Attosecond pulse trains (APTs) generated from high-order harmonics are a flexible attosecond source, since the amplitude and relative phase of the spectral components (the harmonics) can be tailored, giving control over both the duration and the carrier frequency of the pulses. When an APT interacts with a gas of atoms, a train of electron wave packets (EWPs) are generated through single-photon ionization. These wave packets are temporally localized with approximately the same duration as the attosecond pulses, and their properties are directly dependent on those of the XUV pulses. The flexibility offered by EWPs generated from APTs should make them a useful tool for the study and control of atomic and molecular strong-field processes, such as harmonic generation and multiple ionization.
At the Lund Laser Centre, we have demonstrated the generation, compression and delivery on target of attosecond pulses using external amplitude and phase control. Using this technique, it is possible to deliver on-target pulses as short as 160 as. I will present recent experiments performed using the APTs available at the Lund Laser Centre. In particular, I will describe two experiments where we study the dynamics of attosecond EWPs in a strong laser field.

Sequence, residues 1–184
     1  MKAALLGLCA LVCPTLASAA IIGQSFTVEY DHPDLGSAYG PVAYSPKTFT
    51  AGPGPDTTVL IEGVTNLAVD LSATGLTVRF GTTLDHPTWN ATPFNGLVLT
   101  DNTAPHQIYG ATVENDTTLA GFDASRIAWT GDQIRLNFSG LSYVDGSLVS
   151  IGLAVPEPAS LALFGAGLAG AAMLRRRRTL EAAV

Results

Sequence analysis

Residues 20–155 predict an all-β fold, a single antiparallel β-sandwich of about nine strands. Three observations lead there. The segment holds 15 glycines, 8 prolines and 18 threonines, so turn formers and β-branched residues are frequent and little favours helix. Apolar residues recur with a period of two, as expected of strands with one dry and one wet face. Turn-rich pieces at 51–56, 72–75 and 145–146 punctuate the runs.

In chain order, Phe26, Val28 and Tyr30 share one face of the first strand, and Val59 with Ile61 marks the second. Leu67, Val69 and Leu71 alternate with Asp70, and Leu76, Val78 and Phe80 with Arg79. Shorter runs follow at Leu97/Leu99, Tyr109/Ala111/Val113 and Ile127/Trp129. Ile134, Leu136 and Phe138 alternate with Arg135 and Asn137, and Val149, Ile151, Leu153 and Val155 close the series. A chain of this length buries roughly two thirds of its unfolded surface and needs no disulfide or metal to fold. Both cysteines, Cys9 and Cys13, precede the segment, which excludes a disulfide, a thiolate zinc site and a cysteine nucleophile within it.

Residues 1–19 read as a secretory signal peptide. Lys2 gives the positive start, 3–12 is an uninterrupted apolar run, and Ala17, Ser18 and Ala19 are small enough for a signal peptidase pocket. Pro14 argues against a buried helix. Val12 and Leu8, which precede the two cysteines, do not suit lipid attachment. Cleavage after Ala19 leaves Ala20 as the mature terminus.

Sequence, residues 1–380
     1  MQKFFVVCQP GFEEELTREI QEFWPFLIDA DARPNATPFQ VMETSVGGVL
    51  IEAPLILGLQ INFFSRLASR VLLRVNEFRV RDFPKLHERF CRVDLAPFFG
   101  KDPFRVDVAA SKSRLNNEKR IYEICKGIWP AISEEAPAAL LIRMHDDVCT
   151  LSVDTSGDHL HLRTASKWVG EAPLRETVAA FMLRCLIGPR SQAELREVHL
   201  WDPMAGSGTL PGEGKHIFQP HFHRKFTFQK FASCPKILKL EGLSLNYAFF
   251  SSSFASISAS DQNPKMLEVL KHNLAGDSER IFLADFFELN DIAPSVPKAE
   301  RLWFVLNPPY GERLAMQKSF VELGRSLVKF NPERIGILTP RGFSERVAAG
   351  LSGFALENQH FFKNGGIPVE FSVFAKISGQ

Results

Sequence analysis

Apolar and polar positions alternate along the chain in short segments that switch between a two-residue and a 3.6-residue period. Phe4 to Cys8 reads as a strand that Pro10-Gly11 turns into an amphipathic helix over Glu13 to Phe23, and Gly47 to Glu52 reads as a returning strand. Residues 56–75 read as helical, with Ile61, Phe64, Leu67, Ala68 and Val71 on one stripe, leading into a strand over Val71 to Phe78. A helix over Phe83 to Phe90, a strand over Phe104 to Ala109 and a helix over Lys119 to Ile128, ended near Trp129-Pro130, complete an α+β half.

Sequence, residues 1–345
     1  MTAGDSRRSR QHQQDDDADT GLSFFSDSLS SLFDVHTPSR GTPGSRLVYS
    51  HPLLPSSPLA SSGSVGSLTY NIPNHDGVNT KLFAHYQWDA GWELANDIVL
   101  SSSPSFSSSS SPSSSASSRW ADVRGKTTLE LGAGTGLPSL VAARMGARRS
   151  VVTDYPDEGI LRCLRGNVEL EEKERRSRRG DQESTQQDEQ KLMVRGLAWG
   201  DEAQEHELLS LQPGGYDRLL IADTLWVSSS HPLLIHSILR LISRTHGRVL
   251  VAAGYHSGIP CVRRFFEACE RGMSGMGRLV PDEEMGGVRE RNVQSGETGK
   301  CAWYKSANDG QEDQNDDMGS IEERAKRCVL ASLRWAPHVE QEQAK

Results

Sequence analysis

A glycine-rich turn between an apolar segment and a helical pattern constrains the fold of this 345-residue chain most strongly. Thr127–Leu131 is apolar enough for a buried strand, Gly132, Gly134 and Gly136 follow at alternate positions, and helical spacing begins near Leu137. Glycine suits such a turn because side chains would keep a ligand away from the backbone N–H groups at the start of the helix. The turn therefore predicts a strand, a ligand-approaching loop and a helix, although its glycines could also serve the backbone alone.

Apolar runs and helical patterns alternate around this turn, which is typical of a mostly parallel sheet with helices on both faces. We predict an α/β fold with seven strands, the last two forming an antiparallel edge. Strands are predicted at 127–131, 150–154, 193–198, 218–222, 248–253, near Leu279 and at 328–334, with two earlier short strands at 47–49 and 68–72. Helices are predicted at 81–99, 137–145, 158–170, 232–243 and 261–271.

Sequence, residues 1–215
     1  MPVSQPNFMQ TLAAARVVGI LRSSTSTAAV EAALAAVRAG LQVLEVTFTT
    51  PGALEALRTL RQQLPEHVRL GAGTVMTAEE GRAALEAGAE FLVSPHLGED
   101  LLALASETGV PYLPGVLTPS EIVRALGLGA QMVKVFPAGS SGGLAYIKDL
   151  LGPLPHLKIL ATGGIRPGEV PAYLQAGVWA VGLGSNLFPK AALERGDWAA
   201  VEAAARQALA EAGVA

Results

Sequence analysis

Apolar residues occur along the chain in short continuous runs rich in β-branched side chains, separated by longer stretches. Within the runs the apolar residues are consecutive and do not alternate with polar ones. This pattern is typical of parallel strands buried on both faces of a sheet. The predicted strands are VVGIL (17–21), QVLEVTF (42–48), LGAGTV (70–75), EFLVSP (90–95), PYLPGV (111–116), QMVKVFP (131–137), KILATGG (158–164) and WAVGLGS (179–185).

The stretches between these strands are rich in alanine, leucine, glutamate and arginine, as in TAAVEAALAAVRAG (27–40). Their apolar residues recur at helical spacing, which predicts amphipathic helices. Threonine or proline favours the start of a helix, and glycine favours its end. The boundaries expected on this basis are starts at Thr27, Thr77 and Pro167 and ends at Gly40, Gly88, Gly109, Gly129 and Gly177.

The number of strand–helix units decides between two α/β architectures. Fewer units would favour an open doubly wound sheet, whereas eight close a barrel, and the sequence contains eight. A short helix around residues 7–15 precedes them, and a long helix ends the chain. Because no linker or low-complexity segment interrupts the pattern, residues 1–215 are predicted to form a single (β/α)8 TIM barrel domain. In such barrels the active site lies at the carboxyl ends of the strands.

In the first experiment, we use a tailored APT to create EWPs from argon and study the energy exchange between the EWPs and a strong IR field, as a function of the delay between the two fields. In this study a magnetic bottle electron spectrometer is used,collecting electrons emitted within a 2p solid angle. At the zero crossings of the laser field, a significant energy (~20 eV) is transferred from the IR field to the electrons resulting in dramatically enhanced above-threshold-ionization in conditions where the IR field alone does not induce any significant ionization of the medium. We also see a clear effect on the delay-dependence of the photoelectron spectrum when we change the initial properties of the EWPs by stretching the attosecond pulses.
In a second experiment, we instead use a velocity map imaging spectrometer in order to access the angular distribution of the emitted photoelectrons. When the EWPs are created using an APT synthesized from odd harmonics of the driving laser field, two EWPs per IRcycle are generated. By measuring the angular distributions, we are able to observeinterference between consecutive EWPs. This interference depends on the phase difference between consecutive EWPs induced by the IR field, but also bears information on the symmetry of the ground-state wave function of the target atoms.